NEW YORK (Reuters) - Yale University’s endowment fund shrank a more-than-expected 30 percent in the year ended June in the largest contraction in at least a decade, bogged down by illiquid assets that have yet to rebound in value.
The university expects to report later in September that the fund, the second largest among U.S. universities, fell to $16 billion as of June 30, 2009, according to a letter from Yale President Richard Levin and Yale Provost Peter Salovey to faculty and staff on Thursday.
“Only a small fraction of our endowment is invested in publicly traded securities, so the recent stock market rebound has not had a substantial effect on that number,” said the letter, which was obtained by Reuters.
“The bulk of our endowment remains invested in illiquid assets, which have not begun to recover their value,” it said.
Yale, located in New Haven Connecticut, will release final results later this month.
The fund totaled $22.9 billion on June 30, 2008, according to its most recent endowment report. In December, Yale had forecast that the fund would fall to $17 billion by June.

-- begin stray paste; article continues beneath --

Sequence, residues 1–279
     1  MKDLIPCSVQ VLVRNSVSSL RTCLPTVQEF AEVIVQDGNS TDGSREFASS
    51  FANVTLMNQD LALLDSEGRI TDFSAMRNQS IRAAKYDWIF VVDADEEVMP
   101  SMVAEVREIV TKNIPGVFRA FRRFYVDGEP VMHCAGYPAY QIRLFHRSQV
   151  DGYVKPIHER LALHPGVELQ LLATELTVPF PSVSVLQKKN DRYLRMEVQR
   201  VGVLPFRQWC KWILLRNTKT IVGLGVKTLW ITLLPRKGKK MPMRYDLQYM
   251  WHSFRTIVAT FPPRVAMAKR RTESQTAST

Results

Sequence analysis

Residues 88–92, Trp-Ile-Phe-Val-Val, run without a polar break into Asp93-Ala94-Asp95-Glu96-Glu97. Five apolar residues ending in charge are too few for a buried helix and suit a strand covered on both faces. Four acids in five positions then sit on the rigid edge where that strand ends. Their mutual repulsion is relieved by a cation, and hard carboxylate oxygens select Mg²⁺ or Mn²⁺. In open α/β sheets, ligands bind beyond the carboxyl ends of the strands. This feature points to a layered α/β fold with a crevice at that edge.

Before last year, the fund posted double-digit gains over the preceding four years.
Yale will reduce payouts from the endowment by 6.7 percent this year and by an additional 13 percent in 2010-2011, according to the letter.
It will also slow the pace of faculty recruitment.
Yale’s endowment appears to be moving in line with other university endowment funds.
In January, the National Association of College and University Business Officers reported that while university endowments dipped by an average 3 percent in the 2008 fiscal year, they shrank 23 percent from July to November 2008.
In fiscal year 2008, the Yale fund reported a gain of 4.5 percent, or $1 billion.
Reporting by Joe Rauch and Phil Wahba; Editing by Tim Dobbyn and Ted Kerr